Using while not using: social interaction on auto-pilot

Sebastian Greger

A patent document was published by the US Patent and Trademark Office on November 19, describing a system developed at Google that analyses a user’s accounts on social network sites in order to provide half-automated reactions to relevant activity within these. From the patent description:

There is no requirement for the user to set reminders or be proactive. The system automatically without user input analyzes information to which the user has access, and generates suggestions for personalized reactions to messages. The suggestion analyzer cooperates with the decision tree to learn the user’s behavior and automatically adjust the suggested messages that are generated over time.


Algorithmic social interaction

This is a great example of how technology-centric thinking can reduce the formerly conscious act of replying to a message of social relevance into a technological challenge - in part due to the enormous increase of noise between the signals thanks to today’s mass-broadasting systems - and offer to solve this challenge by throwing even more technology at it: by automating social interactions.

The patent documentation gives an example case:

Many users use online social networking for both professional and personal uses. Each of these different types of use has its own unstated protocol for behavior. It is extremely important for the users to act in an adequate manner depending upon which social network on which they are operating. For example, it may be very important to say “congratulations” to a friend when that friend announces that she/he has gotten a new job.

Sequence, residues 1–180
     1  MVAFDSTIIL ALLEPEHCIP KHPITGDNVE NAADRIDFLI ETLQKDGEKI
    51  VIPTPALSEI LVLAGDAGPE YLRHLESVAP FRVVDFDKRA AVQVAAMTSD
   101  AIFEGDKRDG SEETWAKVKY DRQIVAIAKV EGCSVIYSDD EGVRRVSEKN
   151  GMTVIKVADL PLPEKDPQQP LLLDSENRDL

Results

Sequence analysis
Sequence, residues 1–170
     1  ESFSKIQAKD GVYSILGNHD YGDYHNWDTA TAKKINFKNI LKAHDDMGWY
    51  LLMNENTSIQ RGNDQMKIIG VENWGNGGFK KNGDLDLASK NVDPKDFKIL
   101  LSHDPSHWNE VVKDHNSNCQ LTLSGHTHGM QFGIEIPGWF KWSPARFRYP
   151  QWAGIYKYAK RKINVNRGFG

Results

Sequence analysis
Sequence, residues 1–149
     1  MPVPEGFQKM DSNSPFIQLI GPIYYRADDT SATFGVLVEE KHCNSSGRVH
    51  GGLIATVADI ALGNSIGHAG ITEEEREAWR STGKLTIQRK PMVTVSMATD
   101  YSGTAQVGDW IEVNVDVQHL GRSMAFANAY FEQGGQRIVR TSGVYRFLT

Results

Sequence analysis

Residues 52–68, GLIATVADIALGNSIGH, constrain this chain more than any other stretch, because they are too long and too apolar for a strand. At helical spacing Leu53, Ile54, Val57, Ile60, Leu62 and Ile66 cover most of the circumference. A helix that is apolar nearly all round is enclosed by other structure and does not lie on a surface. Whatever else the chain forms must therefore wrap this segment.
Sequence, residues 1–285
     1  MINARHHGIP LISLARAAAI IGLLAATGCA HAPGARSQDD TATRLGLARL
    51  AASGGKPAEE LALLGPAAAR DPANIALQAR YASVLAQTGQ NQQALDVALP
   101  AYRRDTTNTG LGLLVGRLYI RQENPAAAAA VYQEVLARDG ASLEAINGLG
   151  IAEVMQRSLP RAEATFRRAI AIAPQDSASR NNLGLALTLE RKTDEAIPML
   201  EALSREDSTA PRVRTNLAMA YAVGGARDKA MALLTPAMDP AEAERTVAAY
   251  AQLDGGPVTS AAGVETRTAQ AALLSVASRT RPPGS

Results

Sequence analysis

User activity from non-users

Beyond being a strange concept per se, the suggested tool adds yet another dimension of non-use to be considered: user activity generated without them being active (apart from approving the suggested replies). After all, the user is only active in the process of approving pre-designed actions, while their creation happens without their involvement.


Thinking it a little further

Would it be appropriate to indicate to others what messages have been auto-generated? What is the impact if they are not indicated? And is there a risk that the auto-pilots of users start to engage in semi-autonomous social activity detached from social reality?

To continue the example of congratulating a friend: If a user’s reaction to such news has been created by the auto-pilot and approved as part of a whole list of pre-generated reaction messages, what happens if that friend actually responds to that greeting while its sender didn’t even create the reply consciously.

Or what happens if the friend with the new job is also on “social auto-pilot”, whose algorithm decides that the incoming congratulations need to be replied to and suggests a ready reply to it? Are we a trisk of entering an eternal loop of social auto-pilots conversing between each other with no connection to the social reality of their owners?


(via BBC News: Google patents robot help for social media burnout)